I can resist anything..... except temptation! ( Karl Gunn ).
 26 September 2012 08:51 PM
User is offline View Users Profile Print this message



AJJewsbury

Posts: 11374
Joined: 13 August 2003

Overseas electricians working in the UK seem to favour grey for earth, presumably because grey was used for earth in parts of Europe in the past.

Or they're aware of the old British standard of using black for N?

I gather grey for phase was a UK suggestion (together with white or pink) so that all three phases could have distinct colours - presumably because those colours weren't already used anywhere across CENELEC members.

http://electrical.theiet.org/w...sessment.cfm?type=pdf

- Andy.
 27 September 2012 11:36 PM
User is offline View Users Profile Print this message


Avatar for Dave69.
Dave69

Posts: 445
Joined: 16 July 2011

Brown is always phase
Grey Neutral
Black earth

i thought they changed the colours so colour blind sparks could tell the difference
 28 September 2012 07:26 AM
User is offline View Users Profile Print this message


Avatar for ebee.
ebee

Posts: 5681
Joined: 02 December 2004

Everybody I`ve spoken too (Colour Blind and Non Colour Blind) have told me it`s more difficult to distinguish the new colours!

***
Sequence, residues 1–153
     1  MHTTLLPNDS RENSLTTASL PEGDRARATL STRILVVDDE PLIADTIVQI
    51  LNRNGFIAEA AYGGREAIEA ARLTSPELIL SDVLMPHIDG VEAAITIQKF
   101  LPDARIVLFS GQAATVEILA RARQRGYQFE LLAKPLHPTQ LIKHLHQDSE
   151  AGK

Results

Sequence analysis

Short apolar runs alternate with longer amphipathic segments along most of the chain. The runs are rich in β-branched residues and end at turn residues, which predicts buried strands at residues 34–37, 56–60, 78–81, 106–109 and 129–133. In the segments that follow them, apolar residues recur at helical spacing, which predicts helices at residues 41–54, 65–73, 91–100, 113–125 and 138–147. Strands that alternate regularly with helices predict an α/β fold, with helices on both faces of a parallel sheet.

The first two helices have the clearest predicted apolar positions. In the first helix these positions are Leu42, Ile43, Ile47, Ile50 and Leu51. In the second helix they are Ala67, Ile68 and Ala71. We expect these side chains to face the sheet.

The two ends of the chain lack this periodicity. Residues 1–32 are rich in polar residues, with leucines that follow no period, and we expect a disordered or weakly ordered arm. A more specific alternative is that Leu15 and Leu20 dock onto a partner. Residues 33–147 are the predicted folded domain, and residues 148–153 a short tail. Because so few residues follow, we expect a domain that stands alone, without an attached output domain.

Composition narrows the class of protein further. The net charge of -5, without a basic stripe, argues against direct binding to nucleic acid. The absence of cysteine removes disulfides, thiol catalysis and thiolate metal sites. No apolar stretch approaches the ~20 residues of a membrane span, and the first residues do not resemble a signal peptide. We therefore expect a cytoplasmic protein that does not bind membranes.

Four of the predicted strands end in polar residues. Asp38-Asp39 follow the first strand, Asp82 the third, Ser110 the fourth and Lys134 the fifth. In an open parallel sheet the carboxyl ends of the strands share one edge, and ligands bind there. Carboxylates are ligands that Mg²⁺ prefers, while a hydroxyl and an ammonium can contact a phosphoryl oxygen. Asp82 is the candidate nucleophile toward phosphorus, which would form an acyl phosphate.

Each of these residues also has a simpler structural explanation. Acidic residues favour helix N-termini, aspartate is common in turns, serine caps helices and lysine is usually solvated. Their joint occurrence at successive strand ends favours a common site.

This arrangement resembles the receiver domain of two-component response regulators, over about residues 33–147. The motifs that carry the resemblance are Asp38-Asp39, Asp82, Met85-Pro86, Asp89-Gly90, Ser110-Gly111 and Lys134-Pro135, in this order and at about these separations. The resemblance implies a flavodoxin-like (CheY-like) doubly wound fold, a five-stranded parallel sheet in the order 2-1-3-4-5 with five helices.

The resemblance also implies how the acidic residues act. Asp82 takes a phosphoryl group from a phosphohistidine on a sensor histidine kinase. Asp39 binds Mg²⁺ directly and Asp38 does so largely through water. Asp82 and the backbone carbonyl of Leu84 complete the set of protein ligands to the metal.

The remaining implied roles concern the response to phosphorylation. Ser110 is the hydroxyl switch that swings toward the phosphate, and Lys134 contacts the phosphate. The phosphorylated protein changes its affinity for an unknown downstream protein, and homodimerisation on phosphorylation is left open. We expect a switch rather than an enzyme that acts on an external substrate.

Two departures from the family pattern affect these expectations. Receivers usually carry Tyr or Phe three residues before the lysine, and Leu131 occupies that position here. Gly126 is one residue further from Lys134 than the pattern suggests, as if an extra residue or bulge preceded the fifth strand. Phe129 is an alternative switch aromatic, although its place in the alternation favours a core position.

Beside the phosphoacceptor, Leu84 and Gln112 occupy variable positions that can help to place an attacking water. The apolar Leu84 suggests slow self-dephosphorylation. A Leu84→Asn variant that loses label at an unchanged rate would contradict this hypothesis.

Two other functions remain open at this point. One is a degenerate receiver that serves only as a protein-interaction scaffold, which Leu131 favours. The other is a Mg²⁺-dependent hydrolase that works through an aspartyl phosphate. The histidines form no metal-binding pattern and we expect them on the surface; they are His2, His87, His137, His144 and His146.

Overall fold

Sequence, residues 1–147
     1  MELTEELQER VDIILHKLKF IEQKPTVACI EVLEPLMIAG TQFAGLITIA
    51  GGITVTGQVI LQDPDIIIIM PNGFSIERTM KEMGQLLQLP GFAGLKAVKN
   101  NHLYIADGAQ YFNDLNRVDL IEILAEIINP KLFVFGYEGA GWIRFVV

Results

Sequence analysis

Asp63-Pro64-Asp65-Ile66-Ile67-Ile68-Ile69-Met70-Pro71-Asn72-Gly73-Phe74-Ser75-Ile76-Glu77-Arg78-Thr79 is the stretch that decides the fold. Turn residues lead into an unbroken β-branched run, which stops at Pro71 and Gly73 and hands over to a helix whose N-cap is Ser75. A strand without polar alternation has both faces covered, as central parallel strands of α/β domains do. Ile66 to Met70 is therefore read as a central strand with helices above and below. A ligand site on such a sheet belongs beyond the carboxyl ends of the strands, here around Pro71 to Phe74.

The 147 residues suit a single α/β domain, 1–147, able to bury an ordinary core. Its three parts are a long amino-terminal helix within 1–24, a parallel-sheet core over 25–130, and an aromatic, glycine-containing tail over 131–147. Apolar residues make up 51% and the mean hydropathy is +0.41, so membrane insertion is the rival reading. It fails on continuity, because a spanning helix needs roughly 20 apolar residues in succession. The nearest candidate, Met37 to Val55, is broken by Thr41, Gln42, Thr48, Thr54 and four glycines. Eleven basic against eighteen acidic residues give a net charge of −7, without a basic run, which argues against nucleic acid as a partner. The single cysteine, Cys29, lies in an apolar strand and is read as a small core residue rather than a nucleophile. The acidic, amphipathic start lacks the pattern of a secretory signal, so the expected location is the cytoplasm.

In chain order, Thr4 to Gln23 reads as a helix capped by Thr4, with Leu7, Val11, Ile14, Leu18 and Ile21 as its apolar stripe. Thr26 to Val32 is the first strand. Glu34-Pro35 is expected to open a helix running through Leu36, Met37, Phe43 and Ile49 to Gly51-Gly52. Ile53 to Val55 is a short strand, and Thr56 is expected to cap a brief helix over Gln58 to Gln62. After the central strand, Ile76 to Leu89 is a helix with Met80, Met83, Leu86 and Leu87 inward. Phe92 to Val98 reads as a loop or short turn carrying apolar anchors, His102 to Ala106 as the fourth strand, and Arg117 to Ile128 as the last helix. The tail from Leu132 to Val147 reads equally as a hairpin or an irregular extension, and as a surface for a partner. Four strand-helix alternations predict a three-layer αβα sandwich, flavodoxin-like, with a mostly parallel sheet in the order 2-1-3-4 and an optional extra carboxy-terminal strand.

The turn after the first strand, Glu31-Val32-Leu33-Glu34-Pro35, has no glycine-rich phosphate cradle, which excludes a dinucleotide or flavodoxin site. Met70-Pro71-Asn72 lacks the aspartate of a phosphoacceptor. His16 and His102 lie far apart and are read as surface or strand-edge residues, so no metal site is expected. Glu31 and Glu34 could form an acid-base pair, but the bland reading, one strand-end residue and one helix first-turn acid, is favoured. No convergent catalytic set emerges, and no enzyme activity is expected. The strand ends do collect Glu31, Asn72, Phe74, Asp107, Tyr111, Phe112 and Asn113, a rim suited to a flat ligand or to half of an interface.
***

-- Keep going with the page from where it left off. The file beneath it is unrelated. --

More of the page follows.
-------------------------
Regards,
Ebee (M I S P N)

Knotted cables cause Lumpy Lektrik
 28 September 2012 10:28 AM
User is offline View Users Profile Print this message


Avatar for spinlondon.
spinlondon

Posts: 4437
Joined: 10 December 2004

Does anyone actually know why the black has to br de-neutralised?
Is it just that the NICEIC think it would be a good idea, or is there some valid reason?
 28 September 2012 05:25 PM
User is offline View Users Profile Print this message


Avatar for weirdbeard.
weirdbeard

Posts: 1499
Joined: 26 September 2011

Originally posted by: spinlondon

Does anyone actually know why the black has to br de-neutralised?

Is it just that the NICEIC think it would be a good idea, or is there some valid reason?




Is it just a coincidence that in the 2004 nic article link below on de-neutralising black in single phase installations was given at the same time they announced part p? Has there ever been an article on 'de-phasing' blue in 3 phase circuits?



http://www.niceic.com/en/accou...s/Connections_151.pdf

I'm all for progress, and can cope with cables of any colour, but I think the harmonised colour change was in general a really stupid idea.
Statistics

See Also:



FuseTalk Standard Edition v3.2 - © 1999-2014 FuseTalk Inc. All rights reserved.